Since the detection of TPP, interstate movement controls for risk material have been in place. These will remain in place pending greater confidence around the containment of this complex. Western Australia is working with other state and territory governments to develop a protocol to support future interstate movements. There are no international trade restrictions or changes to import conditions at this point in time.

The Australian Government, all state and territory governments, and affected industries are contributing to the cost of the response.

TPP is a tiny sap-sucking insect that attacks a range of plants in the Solanaceae family, including potato, tomato, eggplant, capsicum, chilli and tamarillo, as well as sweetpotato in the Convolvulaceae family. This pest is exotic to Australia and poses a significant threat to important horticultural crops as well as potentially transmitting Candidatus Liberibacter solanacearum.

For further information please contact DAFWA’s Pest and Disease Information Service on 1800 084 881.

This information has been taken from a communique from the Department of Agriculture and Water Resources. To read the communique on the Department's website, click here.




Links

For more information, click any of the links below.

Industry Biosecurity Plan for the Vegetable Industry 

- click here to view/download

Industry Biosecurity Plan for the Potato Industry

- click here to view/download

Managing Farm Biosecurity in the Parsley Industry

- click here to view/download

Tomato-Potato Psyllid and Zebra Chip information sheet

- click here to view/download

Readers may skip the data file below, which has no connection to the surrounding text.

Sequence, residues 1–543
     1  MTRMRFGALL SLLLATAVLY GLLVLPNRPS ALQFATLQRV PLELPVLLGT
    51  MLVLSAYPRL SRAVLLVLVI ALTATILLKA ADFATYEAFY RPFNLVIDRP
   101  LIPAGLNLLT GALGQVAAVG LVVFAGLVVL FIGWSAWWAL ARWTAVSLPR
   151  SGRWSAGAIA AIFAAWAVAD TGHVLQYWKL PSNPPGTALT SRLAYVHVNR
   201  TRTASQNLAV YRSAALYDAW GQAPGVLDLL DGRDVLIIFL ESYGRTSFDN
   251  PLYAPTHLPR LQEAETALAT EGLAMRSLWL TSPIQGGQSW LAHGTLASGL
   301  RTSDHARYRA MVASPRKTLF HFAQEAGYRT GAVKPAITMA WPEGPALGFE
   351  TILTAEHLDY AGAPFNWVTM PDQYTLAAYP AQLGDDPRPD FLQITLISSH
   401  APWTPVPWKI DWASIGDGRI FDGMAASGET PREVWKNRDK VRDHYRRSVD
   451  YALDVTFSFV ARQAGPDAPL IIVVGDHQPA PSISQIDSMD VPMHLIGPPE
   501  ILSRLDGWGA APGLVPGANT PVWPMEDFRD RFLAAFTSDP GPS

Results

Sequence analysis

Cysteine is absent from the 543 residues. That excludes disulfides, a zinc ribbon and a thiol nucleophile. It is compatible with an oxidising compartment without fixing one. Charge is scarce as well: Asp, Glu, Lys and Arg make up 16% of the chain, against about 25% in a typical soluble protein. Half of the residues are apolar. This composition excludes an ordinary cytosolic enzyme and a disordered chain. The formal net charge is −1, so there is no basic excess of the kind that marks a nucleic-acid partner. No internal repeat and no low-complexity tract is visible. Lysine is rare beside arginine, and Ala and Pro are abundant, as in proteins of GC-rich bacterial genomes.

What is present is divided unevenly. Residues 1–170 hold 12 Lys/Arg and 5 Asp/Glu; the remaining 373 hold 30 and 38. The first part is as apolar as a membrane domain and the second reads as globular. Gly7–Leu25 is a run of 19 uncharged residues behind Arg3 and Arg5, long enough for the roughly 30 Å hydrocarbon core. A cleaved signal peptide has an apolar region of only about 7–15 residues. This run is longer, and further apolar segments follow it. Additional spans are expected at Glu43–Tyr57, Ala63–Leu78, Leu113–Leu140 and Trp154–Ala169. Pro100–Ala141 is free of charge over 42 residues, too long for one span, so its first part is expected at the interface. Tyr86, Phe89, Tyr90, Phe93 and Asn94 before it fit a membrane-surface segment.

Farm Gate Biosecurity fact sheet

 

- click here to view/download

Pest disease & weed surveillance fact sheet 

- click here to view/downloa
 

Adaptive Area Wide Management of Qfly using SIT #1

- click here to view/download    
    
 

Adaptive Area Wide Management of Qfly using SIT #2

- click here to view/download 
 
 

Adaptive Area Wide Management of Qfly using SIT #3

- click here to view/download

 

Resistance Management Strategy for the green peach aphid in Bundaberg field vegetable crops

- click here to view/download  
 
 

Cucumber Green Mottle Mosaic Virus (CGMMV) National Management Plan

- click here to view/download 
 

FARM BIOSECURITY ACTION PLAN

 

 - click here to view/download 

Department of Agriculture and Food Industry Update

- click here to view/download

Department of Agriculture and Food Fact Sheet

- click here to view/download
 

Department of Agriculture and Food Biosecurity Alert

- click here to view/download

Department of Agriculture and Food MyPestGuide App

- click here to view
 

Tomato potato psyllid: How to check my vegetable patch

- click here to view
 


Vietnamese Links

For more information, click any of the links below.

Vietnamese
Biosecurity Booklet

- click here to view/download  

Vietnamese Pest Disease
Weed Surveillance

- click here to view/download

Vietnamese
Farm Gate Sign

- click here to view/download


Biosecurity Sign Links

For more information, click any of the links below.

English
Farm Gate Sign

- click here to view/download  

Khmer
Farm Gate Sign

- click here to view/download

Vietnamese
Farm Gate Sign

- click here to view/download